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John Wesley Prichard

PostPosted: Tue Jun 06, 2017 6:38 pm
by dbennett
Clearly this is not new as I remember reading in Appalachian Dulcimer Traditions by Ralph Lee Smith on pages 79-80 the same info but with more detail. Still as RLS said, it's interesting to know about another dulcimore luthier in 1880 and to cogitate on it.

Below is the 1880 census info on John Wesley Prichard brother of Charles N Prichard who also made dulcimores.

FEDERAL CENSUS 1880 LAWRENCE COUNTY, KENTUCKY
NAME AGE OCCUPATION
PRICHARD, John W 43 Dulcimer Maker (or possibly "Dulcimore Maker" according to RLS)

http://files.usgwarchives.net/ky/lawrence/census/1880/1880a.txt

Re: John Wesley Prichard

PostPosted: Tue Jun 06, 2017 7:56 pm
by Banjimer
Here's a link to the original 1880 Lawrence County, Kentucky Federal Census page listing for John W. Prichard and his family. You can judge for yourself how the census taker spelled dulcimer maker.

https://familysearch.org/ark:/61903/3:1 ... cc=1417683

It looks like either "dulemore maker" or "dulcmore maker" to my eyes.

His better-known brother, Charles Napoleon Prichard, is listed in the 1880 Federal Census for Cabell County, West Virginia. His occupation is "Manufacturer of Musical Instruments".

https://familysearch.org/ark:/61903/3:1 ... cc=1417683

Re: John Wesley Prichard

PostPosted: Wed Jun 07, 2017 10:48 am
by kwl
One of the questions those of us who make reproductions of the Prichard dulcimer is whether C.N. made them himself or farmed out the work to other people like his brother. We may never know the answer. The terminology of the census leaves room for speculation.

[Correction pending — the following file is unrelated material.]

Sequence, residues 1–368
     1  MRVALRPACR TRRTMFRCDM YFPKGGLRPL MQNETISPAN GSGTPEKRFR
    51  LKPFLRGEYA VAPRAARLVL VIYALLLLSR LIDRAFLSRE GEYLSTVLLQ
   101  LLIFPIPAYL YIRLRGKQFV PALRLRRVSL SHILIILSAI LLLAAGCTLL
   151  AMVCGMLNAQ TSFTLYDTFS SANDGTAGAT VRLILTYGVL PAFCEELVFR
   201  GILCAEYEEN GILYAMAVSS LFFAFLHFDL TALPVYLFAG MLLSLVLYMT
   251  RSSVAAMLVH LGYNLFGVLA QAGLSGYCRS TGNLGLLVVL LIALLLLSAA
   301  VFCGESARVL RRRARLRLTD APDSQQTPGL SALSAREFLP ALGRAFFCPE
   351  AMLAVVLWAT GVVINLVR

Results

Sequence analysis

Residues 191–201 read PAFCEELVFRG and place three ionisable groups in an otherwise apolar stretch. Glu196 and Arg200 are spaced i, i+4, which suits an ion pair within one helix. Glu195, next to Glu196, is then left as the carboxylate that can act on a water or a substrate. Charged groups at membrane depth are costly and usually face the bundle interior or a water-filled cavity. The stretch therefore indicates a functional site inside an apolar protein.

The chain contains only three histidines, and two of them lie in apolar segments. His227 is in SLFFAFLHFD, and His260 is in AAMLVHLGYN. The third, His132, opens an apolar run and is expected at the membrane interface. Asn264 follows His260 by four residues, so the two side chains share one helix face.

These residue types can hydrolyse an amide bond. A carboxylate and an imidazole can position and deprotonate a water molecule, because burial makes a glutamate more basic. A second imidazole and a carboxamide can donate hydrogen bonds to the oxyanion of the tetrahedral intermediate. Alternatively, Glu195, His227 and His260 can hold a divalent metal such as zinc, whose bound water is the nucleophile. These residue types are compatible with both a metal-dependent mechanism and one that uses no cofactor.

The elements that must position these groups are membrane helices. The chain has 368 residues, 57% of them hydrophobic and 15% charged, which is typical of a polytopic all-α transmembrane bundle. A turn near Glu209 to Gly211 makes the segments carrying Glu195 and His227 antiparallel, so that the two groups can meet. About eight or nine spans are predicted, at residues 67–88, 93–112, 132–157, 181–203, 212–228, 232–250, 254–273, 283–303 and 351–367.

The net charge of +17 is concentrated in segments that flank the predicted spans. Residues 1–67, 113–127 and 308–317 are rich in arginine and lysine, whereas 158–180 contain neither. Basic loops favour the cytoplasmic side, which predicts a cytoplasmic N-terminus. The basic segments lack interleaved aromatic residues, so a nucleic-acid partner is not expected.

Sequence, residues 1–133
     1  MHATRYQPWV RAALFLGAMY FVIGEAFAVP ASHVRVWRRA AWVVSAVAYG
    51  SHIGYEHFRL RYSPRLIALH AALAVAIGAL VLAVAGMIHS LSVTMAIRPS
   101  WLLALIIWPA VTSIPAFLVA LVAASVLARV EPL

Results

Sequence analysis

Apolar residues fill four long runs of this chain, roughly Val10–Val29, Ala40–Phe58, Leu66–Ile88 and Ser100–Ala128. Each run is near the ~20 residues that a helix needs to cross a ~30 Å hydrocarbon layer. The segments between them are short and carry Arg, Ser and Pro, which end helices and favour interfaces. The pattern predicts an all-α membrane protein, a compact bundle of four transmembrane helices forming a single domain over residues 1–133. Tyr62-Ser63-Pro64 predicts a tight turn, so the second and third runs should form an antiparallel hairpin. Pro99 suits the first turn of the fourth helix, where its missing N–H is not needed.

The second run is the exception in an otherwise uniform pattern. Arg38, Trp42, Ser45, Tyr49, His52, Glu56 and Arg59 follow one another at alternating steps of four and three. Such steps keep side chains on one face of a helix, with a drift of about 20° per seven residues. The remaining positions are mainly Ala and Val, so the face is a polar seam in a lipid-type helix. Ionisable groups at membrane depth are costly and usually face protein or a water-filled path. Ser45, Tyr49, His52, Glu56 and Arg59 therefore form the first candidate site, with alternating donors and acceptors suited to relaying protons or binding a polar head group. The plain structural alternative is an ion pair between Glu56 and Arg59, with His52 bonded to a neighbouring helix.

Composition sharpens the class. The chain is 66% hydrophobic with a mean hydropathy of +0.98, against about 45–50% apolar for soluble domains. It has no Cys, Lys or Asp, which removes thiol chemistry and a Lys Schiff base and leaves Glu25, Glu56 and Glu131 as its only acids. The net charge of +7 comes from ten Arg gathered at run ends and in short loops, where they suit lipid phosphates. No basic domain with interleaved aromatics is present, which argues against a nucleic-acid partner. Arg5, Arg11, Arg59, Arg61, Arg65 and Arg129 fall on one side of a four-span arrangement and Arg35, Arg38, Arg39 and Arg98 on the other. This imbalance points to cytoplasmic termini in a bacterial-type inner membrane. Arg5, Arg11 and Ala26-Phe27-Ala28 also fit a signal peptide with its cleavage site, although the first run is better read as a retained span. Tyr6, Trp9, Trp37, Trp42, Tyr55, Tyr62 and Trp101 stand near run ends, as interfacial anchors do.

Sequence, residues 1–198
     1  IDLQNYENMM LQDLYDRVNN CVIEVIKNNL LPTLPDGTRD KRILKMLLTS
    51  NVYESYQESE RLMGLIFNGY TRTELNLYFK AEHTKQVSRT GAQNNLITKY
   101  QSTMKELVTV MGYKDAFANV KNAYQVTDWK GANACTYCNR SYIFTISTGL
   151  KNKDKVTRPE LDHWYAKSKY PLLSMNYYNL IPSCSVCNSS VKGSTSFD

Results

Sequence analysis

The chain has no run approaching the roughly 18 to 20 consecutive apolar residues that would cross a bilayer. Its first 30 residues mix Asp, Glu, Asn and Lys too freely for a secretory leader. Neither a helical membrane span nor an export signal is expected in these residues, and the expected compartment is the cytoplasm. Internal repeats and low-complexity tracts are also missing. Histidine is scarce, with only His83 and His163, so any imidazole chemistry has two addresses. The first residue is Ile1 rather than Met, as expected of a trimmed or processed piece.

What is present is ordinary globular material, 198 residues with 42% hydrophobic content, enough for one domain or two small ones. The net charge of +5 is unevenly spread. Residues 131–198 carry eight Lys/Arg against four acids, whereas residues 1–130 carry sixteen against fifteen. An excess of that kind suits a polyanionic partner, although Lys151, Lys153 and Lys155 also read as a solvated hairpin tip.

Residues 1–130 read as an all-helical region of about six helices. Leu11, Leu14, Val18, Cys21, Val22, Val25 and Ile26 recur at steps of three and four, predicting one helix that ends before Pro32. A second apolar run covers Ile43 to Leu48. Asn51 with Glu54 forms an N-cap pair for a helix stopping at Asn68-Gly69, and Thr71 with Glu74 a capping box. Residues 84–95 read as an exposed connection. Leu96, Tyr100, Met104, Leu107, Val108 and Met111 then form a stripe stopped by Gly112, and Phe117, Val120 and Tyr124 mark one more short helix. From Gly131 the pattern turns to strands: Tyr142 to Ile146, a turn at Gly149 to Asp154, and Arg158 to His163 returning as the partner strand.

Ken
"The dulcimer sings a sweet song."

Re: John Wesley Prichard

PostPosted: Wed Jun 07, 2017 4:11 pm
by danc9
Ken, I don't know that "farmed out" is a good description. It was a family business, and we are sure from sample pieces there were probably more than one maker by the tooling marks on them. But then, it's possible, yet one of the many things we just don't know!

DAN
www.dulcimore.com

Re: John Wesley Prichard

PostPosted: Wed Jun 07, 2017 9:15 pm
by Frimp
This-here dulcimer stuff is more mystery than fer-sure facts, seems like...
Lots o' lore and traditions, family tales, museum exhibits with wrong info...
But if we knew it all for real, much of the fun would disappear.

Re: John Wesley Prichard

PostPosted: Sun Jun 11, 2017 6:35 pm
by kwl
danc9 wrote:Ken, I don't know that "farmed out" is a good description.

DAN
http://www.dulcimore.com


Maybe not, but I chose that one over delegated, hired, and a few others. If some of the folks who made dulcimers for C.N. were farmers as well as instrument builders, that seemed appropriate. We do not know for certain whether he ever built a dulcimer. Just more of the mystery of dulcimer history.

Ken
"The dulcimer sings a sweet song."